As Jews celebrate Hanukkah around the globe, like every year, I am reminded of the fact that the way that Israelis celebrate Hanukkah is very different from how I grew up celebrating Hanukkah in America. I grew up in a very secular and assimilated American Jewish family but Hanukkah was a big deal. Every year, my Great Uncle Harold would come to visit and prepare homemade potato latkes with applesauce. My mother would make Hanukkah cookies. I did not grow up on sufgonyot, svinge or any other dish. We always used to light the menorah and sing during each night of Hanukkah.

We even had Hanukkah lights in addition so that we could compete with our Christian neighbors during the winter holiday season. Instead of brightly colored Christmas lights, we had blue and white dreidel lights and banners spread out all over the house that wished guests a happy Hanukkah. We also sent Hanukkah cards to relatives, just like the Christians sent Christmas cards. When I told my father I was jealous of the Christian kids who had Santa Klaus, my father invented a magical creature called Grandpa Hanukkah that rode around on a magical menorah and gave Jewish children eight presents instead of one. So, I had a present for each of the nights of Hanukkah and played dreidel with my Great Uncle Harold, who always let me win. Some years, we also went to a community Hanukkah lighting ceremony in front of the White House, where there were much festivities.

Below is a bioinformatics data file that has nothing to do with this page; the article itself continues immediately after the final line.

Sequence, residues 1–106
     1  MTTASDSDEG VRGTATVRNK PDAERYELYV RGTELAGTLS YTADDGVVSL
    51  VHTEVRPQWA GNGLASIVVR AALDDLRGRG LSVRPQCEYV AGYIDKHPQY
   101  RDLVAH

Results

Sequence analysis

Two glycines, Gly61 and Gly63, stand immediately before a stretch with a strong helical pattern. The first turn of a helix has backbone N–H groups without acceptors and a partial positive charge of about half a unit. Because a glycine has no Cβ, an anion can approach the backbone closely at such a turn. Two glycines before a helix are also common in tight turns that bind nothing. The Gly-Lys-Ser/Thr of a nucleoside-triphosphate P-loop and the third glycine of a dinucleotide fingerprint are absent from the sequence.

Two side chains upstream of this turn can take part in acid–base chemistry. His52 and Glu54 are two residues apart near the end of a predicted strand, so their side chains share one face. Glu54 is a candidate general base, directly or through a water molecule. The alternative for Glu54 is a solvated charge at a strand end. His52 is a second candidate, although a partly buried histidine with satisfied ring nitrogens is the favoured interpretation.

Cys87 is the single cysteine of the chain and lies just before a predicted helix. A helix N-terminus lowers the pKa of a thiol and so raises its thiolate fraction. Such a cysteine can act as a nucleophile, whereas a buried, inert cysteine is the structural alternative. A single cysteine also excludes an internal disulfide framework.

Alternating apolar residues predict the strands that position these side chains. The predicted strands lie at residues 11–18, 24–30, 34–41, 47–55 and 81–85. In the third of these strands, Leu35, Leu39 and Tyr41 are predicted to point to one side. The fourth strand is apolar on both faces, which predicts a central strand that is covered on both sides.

However, outside the Hanukkah section of the local decorations shop, the synagogues, the Jewish community centers, the Jewish schools, and our homes, Hanukkah was a side show; everything revolved around Christmas. In my elementary school, we sang a couple of Hanukkah songs but most of the songs we sang were Christmas related. We made gingerbread houses but did not play dreidel. In the end of the day, we were part of a minority community. Nevertheless, since the DC Jewish community is huge and our neighborhood was heavily Jewish, I felt this less than Jews who grew up within smaller Jewish communities in America.

But when I came to Israel, I discovered a completely different reality. In order to highlight the differences between celebrating Hanukkah in Israel verses America, I decided to interview both Israeli Jews and American expatriates living in Israel so that they can share how they celebrate Hanukkah and how it is different from the Hanukkah I celebrated as a child in Rockville, Maryland, a suburb of Washington, DC.

According to Lis Hacker, a Wisconsin native who now lives in Israel, “Everywhere you turn in Israel, you can feel the presence of Hanukkah. I walked into the supermarket and there was a menorah. I was driving in the city and in the middle of the traffic circle, there was a menorah. Hanukkah is all around me when I am in Israel and it warms my heart. In the US, there may be an obligatory menorah in the biggest mall but that is about it. Although, I do miss being with my family in the US for Hanukkah. That is the hardest part about celebrating Hanukkah in Israel. Other than that, bring on the sufgonyot!”

However, not everyone agrees with Lis. Religious American Jews from heavily Jewish populated areas who moved to Israel and joined the religious Ashkenazi Jewish community here in Israel feel less of a gap. Ben Halpern, a Baltimore native who now lives in Israel, told JerusalemOnline: “Lighting the menorah is mostly the same, except that olive oil is far more prevalent here than candles. The songs are the same. Only the dreidel seems different.” In the US, the dreidels say nes gadol haya shem, a great miracle happened there. In Israel, the dreidels say nes gadol haya po, a great miracle happened here.